He described the company’s involvement in the development of so many different drugs as a “portfolio play on T cell modification and gene editing – you want that portfolio effect otherwise the outcome is too binary”.
The firm also has drugs of its own, which are treatments for conditions such as ovarian cancer, under development.
Mr Penny said MaxCyte was roughly breaking even if we disregard the drugs arm, which would “continue to consume cash until it finds a partner”.
He said an alternative was a sale or flotation, probably on America’s Nasdaq market, for that part of the group.
“I would expect the company as a whole to start generating pre-tax profits when it finds a partner for the drugs arm or floats it off. It could be profitable next year but it may decide to invest to grow sales instead – that is the American way.”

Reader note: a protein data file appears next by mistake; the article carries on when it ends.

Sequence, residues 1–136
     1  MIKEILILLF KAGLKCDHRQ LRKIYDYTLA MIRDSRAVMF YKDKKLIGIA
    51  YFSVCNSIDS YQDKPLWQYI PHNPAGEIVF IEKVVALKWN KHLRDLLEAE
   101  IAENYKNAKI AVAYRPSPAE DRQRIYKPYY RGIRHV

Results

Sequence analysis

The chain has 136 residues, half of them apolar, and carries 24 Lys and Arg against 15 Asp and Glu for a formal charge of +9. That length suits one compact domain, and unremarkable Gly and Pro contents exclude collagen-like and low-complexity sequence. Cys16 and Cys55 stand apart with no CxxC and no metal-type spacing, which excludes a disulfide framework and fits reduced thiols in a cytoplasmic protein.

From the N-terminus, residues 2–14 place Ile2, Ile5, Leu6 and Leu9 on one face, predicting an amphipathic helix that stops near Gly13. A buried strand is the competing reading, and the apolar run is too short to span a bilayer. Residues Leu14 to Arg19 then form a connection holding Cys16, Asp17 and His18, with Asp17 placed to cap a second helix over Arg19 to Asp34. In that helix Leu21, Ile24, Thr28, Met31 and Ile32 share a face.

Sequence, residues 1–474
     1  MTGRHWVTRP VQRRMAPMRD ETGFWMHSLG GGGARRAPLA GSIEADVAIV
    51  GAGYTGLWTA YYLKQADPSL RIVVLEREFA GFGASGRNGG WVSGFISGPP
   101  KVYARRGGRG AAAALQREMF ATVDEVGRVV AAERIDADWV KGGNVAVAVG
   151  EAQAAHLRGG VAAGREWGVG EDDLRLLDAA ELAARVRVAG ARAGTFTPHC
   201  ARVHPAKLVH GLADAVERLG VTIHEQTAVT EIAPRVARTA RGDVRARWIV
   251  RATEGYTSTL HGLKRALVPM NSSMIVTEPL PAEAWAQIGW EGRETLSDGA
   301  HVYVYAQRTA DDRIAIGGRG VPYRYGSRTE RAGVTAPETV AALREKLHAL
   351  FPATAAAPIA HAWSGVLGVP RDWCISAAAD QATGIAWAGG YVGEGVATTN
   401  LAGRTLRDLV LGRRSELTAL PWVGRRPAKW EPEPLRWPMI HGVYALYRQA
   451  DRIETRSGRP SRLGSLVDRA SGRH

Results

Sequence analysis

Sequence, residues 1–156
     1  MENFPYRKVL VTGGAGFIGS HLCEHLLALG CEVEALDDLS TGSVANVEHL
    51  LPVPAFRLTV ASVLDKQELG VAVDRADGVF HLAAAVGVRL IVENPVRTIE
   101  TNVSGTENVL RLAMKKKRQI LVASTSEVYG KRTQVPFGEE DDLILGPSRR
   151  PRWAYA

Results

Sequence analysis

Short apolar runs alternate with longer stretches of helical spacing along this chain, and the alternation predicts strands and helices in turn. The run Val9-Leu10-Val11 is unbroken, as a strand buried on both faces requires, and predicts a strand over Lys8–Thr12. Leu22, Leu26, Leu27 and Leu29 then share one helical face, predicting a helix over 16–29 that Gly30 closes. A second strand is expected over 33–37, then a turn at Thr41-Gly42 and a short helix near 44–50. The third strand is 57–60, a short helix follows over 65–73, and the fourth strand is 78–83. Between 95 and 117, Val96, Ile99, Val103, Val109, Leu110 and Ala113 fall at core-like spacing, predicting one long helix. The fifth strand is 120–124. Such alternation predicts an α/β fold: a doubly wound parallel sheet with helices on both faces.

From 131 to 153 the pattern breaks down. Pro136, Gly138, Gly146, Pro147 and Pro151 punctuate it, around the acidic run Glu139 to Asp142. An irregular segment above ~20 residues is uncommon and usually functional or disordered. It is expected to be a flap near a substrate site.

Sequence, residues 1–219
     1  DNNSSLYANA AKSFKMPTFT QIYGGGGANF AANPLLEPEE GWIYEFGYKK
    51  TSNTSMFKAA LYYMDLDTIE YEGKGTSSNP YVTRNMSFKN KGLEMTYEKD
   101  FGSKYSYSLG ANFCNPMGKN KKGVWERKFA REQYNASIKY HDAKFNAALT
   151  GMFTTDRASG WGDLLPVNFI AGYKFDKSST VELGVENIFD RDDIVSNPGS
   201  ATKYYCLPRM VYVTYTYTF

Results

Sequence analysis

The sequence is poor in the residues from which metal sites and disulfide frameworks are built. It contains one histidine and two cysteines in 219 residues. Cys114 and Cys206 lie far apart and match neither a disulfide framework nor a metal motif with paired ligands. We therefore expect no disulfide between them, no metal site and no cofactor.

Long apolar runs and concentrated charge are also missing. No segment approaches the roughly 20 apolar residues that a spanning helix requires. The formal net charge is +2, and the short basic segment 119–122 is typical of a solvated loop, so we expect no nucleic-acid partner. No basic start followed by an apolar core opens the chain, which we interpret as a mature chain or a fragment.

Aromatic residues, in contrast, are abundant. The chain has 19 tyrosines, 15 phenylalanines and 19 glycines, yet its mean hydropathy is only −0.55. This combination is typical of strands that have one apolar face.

In-keeping with that culture, the firm may even decide that its stock market quote should cross the Atlantic too.
“The UK stock market is not used to this kind of company but the American one is,” Mr Penny said. “This means there is a disparity – such businesses are undervalued here but enjoy elevated valuations on Wall Street. So I think MaxCyte will take its listing to Nasdaq next year.”
He said he currently saw the shares as worth 500p on the basis of the value of its component parts and we can hope for a further boost from a future shift to Nasdaq.
Questor says: buy
Share price at close: 370p
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